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ESG

EXECUTIVE PERSPECTIVE: Educational Endowments and Sustainable Investing

Lisa Woll

08 Jan 2018

Several dozen educational endowments have stepped up and broadened their approach to sustainable investing in recent years, despite barriers that still discourage many of their counterparts from following suit.

The US SIF Foundation identified more than 80 educational institutions at the start of 2016 that were applying various environmental, social and governance (ESG) criteria to assets that collectively totaled $293 billion. These assets accounted for more than half of the $515 billion in assets that the National Association of College and University Business Officers (NACUBO) identified in its annual survey with Commonfund of college and university endowments, with 805 institutions responding.

Georges Dyer, a co-founder and principal of the Intentional Endowments Network (IEN), says that he has seen increased interest from universities and colleges in sustainable investing. Often, the gateway is through questions about fossil fuel divestment, and leads to ways the endowment can address ESG issues more broadly. Student movements, supported by organizations such as the Responsible Endowments Coalition have played an important role. In addition, Dyer suggests that the involvement of larger, mainstream investment managers in creating ESG investment products has reassured trustees and piqued their interest.

As a result, a number of educational institutions in the past few years have established or implemented responsible investment policies, particularly around environmental issues. According to the US SIF Foundation’s Report on US Sustainable, Responsible and Impact Investing Trends 2016, climate change has risen dramatically as an area of concern for educational institutions, with assets under management (AUM) affected increasing more than 320 percent between 2014 and 2016 to $43 billion. In 2016, assets of $27 billion were subject to fossil fuel restrictions, compared with just $135 million in 2014 when we first tracked the issue. Assets representing investment policies supporting cleantech grew 27 percent to $1.9 billion.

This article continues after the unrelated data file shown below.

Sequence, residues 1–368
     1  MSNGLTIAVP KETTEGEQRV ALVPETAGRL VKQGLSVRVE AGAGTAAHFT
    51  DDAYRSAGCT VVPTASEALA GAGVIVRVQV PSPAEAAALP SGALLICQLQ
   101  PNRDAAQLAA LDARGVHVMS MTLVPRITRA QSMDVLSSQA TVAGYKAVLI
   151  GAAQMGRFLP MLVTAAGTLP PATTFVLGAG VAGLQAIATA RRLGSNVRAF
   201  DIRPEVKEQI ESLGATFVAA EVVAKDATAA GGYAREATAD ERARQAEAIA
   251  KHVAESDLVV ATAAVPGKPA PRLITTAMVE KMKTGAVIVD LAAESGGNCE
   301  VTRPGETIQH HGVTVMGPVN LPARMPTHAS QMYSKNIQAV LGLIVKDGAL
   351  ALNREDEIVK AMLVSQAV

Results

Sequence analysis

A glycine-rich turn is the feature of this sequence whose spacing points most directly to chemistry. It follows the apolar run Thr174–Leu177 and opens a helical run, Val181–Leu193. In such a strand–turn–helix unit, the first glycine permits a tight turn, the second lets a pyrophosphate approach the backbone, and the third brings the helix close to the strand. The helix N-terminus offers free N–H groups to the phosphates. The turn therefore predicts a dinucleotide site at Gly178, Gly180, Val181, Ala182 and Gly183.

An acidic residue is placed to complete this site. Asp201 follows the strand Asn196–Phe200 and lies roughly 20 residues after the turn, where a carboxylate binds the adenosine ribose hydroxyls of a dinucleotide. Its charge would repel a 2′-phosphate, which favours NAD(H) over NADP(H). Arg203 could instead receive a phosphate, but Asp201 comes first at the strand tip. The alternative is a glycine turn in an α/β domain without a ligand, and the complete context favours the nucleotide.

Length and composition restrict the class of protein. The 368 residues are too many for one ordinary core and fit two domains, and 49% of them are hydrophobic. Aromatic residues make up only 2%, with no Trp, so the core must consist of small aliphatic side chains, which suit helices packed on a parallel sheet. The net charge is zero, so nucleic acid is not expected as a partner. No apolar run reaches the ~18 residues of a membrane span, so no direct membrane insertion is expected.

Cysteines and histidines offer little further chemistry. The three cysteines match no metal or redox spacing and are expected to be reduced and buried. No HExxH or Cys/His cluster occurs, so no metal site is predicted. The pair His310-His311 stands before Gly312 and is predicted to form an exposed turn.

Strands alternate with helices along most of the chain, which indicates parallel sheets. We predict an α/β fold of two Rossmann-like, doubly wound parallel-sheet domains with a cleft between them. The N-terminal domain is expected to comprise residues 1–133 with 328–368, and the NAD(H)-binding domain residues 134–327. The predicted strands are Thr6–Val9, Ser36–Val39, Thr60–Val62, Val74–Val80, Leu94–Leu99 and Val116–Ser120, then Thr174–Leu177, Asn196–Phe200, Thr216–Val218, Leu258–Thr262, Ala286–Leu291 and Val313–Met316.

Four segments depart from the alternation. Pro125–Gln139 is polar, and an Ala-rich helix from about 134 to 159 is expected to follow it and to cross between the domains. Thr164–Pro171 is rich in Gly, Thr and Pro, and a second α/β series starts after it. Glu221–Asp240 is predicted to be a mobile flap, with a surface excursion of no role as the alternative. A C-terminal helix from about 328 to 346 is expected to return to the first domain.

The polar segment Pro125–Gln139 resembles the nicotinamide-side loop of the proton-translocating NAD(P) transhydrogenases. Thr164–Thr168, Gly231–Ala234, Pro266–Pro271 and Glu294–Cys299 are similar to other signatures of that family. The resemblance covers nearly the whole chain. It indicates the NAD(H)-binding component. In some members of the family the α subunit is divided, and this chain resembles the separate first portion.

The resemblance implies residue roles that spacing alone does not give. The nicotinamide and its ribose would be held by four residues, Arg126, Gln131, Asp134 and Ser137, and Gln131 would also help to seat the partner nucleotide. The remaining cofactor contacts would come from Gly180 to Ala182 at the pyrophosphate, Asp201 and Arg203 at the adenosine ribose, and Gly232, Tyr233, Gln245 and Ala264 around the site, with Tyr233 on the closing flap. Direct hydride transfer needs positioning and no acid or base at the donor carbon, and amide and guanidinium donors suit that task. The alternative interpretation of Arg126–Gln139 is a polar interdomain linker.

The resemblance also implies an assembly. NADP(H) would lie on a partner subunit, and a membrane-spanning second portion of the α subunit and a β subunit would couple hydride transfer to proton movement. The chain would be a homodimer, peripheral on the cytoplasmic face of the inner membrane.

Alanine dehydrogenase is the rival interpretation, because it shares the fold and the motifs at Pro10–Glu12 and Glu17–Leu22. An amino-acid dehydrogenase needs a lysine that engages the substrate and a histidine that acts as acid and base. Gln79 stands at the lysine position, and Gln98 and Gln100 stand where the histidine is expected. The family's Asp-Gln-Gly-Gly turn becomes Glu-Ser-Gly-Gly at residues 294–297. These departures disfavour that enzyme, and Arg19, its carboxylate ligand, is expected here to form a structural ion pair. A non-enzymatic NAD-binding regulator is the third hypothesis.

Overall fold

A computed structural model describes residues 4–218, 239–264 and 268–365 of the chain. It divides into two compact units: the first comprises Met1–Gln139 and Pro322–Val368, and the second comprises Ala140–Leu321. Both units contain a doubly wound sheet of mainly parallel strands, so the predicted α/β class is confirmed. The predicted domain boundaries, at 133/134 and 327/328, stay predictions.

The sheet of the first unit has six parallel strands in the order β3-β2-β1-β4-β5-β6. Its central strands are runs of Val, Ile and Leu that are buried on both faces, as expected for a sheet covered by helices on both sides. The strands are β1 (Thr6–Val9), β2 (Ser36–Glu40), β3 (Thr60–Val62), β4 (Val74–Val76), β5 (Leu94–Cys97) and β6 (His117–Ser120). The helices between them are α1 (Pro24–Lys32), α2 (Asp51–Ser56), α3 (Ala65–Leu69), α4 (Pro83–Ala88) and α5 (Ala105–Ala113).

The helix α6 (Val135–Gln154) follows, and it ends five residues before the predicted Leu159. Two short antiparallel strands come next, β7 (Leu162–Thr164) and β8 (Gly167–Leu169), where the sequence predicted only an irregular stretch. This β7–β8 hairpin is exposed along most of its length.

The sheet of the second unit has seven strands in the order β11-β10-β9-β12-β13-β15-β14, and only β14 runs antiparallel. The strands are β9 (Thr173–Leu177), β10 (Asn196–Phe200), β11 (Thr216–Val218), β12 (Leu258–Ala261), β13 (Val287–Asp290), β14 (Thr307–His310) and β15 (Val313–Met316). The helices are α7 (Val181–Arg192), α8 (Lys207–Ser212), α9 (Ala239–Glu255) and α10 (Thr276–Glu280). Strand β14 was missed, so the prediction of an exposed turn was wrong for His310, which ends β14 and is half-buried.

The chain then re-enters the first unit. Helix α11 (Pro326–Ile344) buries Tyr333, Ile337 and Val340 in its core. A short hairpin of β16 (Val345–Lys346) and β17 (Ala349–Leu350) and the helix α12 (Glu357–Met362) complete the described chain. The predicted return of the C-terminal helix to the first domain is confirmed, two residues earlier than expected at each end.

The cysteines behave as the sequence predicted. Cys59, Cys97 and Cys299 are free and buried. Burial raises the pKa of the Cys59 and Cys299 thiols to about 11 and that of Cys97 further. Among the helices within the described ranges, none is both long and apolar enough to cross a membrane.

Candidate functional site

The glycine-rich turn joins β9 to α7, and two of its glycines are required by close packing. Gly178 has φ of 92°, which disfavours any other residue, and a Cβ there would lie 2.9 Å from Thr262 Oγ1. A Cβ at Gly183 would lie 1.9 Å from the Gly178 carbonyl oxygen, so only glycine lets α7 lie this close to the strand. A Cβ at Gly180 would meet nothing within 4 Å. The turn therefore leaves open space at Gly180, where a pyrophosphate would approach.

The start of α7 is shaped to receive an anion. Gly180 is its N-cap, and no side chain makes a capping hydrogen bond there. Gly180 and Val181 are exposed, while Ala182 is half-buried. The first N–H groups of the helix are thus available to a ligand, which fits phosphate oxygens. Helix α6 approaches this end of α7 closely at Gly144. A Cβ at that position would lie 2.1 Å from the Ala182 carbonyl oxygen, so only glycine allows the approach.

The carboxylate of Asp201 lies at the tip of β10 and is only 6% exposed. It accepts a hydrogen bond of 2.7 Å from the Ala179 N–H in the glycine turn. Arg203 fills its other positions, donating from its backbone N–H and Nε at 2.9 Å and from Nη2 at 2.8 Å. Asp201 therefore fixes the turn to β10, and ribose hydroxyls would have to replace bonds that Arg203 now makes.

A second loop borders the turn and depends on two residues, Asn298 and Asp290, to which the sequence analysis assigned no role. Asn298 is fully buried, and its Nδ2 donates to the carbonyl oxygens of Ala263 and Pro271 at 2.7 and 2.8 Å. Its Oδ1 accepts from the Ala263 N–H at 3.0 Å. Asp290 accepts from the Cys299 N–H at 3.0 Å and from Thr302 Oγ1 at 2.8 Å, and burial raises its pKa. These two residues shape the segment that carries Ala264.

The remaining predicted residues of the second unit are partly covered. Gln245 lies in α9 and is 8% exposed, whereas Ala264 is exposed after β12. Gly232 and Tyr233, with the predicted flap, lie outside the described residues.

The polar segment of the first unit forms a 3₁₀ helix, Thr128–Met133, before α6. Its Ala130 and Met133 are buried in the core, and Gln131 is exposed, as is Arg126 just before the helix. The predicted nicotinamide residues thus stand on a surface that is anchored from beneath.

Some highlights include:

  • Hampshire College is widely credited as being the first college to divest from fossil fuels, which it accomplished in 2011.
  • In 2014, Yale University added “climate awareness” to its investment strategy. By 2016, it had removed $10 million of fossil fuel investments.
  • The University of California divested $200 million from companies involved in coal and oil sands projects in 2015. The same year, Syracuse University committed to remove direct investments in coal, oil and gas companies, and the Georgetown University Board of Directors voted to end direct investments in coal companies.
  • In 2016, the University of Massachusetts became the first major public university to end direct investments in fossil fuels.
  • The Oregon State University Board of Trustees voted to approve fossil fuel divestment in 2017, and Columbia University announced it would divest from companies that earn at least 35 percent of their income from thermal coal production.